Preacher Put Faith In God, Family, and Friends
In December of 1997, while working in Chicago, Illinois, Charles Cox was
lifting a heavy box and felt something "snap" in his right rib
cage. When he sought medical attention, doctors took a chest film which
showed a small pocket of blood in his thoracic area. His doctors prescribed
pain medication and diagnosed a deep bruise or hematoma (a swelling or
mass of blood). Charles was 55 years old and "just getting started."
A few months later, Charles had an accident at work which resulted in a
contusion on his ribs. The pain was excruciating. He returned to Lake
Park, Georgia where he saw his family doctor. A CT scan was taken at the
South Georgia Medical Center in Valdosta, Georgia. The results showed
a lesion on his right lung. The lesion was small (approximately 2 x 2
cm). The lymph nodes were thought to be free of invasion. The doctors
advised Charles that they thought that he had an internal bruise, but
they could not rule out something more serious. They asked him to return
in six (6) weeks for another chest film.
Charles returned six weeks later. He was experiencing terrible pain, especially
at night when he was trying to sleep. Another CT scan was taken. The doctors
injected the area with superficial pain killers. The doctors again diagnosed
an internal bruise. Mr. Cox was sent home and again advised to return
in six weeks. In the interim, Charles was in pain but did not want to
resort to popping pain pills on the hour. So he found an acupuncturist.
In his words: "The acupuncture helped, but only for a day or two.
After that, the pain would come back."
On July 9, 1998, Charles underwent a fine needle biopsy at the South Georgia
Medical Center. The doctors suspected pleural mesothelioma.
It was clear to Charles that the doctors in Valadosta were not on the cutting
edge of cancer research or science. Charles needed experts. He didn't
need more grim looking doctors in white coats with long faces telling
him to go take a cruise and not think about it. He needed help, starting
with a second opinion on the diagnosis. So Charles and his wife traveled
to Tallahassee, Florida for a consultation with a new team of doctors.
They met with the doctors at Tallahassee Memorial Hospital. The doctors
recommended an open lung biopsy. On July 30, 1998, Charles underwent a
right bronchoscopy and a right thoracotomy with biopsy. The pathologists
diagnosed diffuse malignant pleural mesothelioma.
Charles and Dorothy, who is a registered nurse, then called this office
looking for information. Charles' boss had given him a printout of
our website. We advised them to contact Dr. Lary A. Robinson at the H.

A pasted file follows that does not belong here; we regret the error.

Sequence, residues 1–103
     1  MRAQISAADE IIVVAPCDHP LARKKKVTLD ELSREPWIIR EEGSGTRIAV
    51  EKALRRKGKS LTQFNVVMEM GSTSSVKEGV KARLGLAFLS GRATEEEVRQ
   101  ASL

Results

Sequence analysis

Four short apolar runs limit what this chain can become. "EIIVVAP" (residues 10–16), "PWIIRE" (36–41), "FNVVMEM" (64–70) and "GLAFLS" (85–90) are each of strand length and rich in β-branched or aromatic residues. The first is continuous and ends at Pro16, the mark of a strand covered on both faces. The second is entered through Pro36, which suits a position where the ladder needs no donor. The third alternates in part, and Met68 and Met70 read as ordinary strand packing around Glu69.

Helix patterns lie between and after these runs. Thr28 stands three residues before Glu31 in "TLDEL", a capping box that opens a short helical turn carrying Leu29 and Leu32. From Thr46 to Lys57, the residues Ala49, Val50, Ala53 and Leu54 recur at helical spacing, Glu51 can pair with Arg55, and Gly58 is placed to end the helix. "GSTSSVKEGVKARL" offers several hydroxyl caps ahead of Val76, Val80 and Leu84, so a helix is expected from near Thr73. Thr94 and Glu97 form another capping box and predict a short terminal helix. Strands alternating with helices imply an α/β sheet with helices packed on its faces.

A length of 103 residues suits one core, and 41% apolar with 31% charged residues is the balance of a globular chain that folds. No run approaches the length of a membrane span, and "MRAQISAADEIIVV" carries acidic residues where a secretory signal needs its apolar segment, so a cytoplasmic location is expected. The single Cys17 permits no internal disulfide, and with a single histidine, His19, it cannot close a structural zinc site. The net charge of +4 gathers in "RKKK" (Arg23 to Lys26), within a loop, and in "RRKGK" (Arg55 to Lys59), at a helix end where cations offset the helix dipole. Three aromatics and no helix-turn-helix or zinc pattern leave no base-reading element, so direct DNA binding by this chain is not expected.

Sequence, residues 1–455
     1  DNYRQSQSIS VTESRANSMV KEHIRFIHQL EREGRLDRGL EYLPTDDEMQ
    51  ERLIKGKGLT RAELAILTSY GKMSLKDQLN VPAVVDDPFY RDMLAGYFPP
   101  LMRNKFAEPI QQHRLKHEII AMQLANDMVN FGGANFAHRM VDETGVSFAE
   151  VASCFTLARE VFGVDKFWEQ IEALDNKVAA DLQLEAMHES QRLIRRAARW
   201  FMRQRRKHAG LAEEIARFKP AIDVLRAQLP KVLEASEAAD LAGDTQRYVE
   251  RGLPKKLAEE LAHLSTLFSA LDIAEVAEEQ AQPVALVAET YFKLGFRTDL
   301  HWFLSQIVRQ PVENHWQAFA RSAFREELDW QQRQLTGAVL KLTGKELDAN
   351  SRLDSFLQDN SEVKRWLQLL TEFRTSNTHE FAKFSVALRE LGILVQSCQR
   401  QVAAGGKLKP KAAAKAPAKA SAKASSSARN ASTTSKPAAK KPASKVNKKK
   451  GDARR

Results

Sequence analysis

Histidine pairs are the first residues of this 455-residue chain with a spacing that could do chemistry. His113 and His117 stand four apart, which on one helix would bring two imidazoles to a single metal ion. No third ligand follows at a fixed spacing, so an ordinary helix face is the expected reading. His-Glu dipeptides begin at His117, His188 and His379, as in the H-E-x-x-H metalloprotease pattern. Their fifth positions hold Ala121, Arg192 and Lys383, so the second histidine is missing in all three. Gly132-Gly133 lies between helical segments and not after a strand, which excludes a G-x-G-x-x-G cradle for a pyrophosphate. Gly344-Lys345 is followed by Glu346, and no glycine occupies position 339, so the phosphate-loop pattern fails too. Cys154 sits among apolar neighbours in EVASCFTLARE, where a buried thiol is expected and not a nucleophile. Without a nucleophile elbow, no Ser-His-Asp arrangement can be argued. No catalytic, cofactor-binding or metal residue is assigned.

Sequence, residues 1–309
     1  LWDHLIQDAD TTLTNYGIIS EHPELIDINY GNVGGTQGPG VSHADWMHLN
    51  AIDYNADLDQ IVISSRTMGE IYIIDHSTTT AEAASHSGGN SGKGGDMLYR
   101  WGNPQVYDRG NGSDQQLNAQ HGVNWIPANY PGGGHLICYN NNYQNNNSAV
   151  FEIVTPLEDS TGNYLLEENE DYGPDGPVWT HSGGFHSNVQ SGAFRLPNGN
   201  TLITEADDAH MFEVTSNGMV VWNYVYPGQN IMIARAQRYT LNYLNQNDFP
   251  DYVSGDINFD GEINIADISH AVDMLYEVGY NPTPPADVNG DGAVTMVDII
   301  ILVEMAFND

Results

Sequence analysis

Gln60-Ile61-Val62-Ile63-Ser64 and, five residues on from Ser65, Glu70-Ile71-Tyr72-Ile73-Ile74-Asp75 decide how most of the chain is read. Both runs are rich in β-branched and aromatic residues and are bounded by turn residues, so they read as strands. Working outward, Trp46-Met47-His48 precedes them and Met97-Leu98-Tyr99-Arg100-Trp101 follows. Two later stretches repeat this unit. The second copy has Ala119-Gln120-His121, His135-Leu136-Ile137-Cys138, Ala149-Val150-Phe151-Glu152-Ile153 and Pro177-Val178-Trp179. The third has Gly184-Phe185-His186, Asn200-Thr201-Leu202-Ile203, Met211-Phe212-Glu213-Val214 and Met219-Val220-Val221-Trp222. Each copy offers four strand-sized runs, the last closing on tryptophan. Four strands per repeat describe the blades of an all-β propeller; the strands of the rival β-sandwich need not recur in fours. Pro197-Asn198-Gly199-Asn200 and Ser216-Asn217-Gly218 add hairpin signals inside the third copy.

Lee Moffitt Cancer Center & Research Institute in Tampa, Florida.
Dr. Robinson is an experienced surgical oncologist who has managed the
treatment of many mesothelioma patients. After examining Mr. Cox's
medical records, Dr. Robinson could not recommend surgery as an option
at that time. He determined that Charles' mesothelioma was in Stage III.
At the recommendation of Dr. Linda Garland, Charles decided to pursue radiation
therapy to control the pain. The objective was to shrink and consolidate
the tumors so that other treatment modalities could be attempted. The
goal of any oncology program is to prolong life, with the idea being that
as long as there is life, there is hope for a cure. At teaching hospitals
throughout the country, there are a handful of scientists who are looking
for biological and immunological therapies that might provide the answer
if the tumor is diagnosed at an early enough stage.
Unfortunately, time ran out for Mr. Cox. On November 9, Charles was admitted
to the hospital in Valdosta, Georgia. He had developed pneumonia. On November
16, Charles Cox passed away.
Charles firmly believed in his heart that the radiation treatments would
eventually help him rally. Charles was a former preacher. He had tremendous
faith. He tried to maintain a positive attitude throughout his ordeal.
He was fortunate to have a loving wife and a strong network of caring
friends. Charles did everything he could to live a normal life. He tried
to maintain his regular schedule, although he could no longer work. He
tried to walk every day. He dedicated himself to becoming an "expert"
on mesothelioma and spent much of his time reading medical articles. The
medical articles sometimes got to be rough reading with all the grim statistics
and talk of "morbidity" and "nihilism." So he balanced
out his day by reading The Bible and other religious tracts. Charles coped
with his disease by contemplating the hope embodied in one of his favorite
Bible scriptures: I can do all things through Christ who strengthenth
me. Phil 3:13
Charles maintained his strength and perpetuated his mental outlook by focusing
on his ability to "work for the Lord". Charles had been on several
mission trips with his church. Charles planned on going to Costa Rica
on a mission trip in January of 1999.
Mr. Charles Cox served in the U.S. Navy, along with his three brothers.
He was exposed to asbestos in shipyards in Oakland, San Francisco and
Long Beach. After his discharge from the Navy in 1964, he worked in construction.
He belonged to the boilermakers local and the millwrights local.
POSTED DECEMBER 17, 1998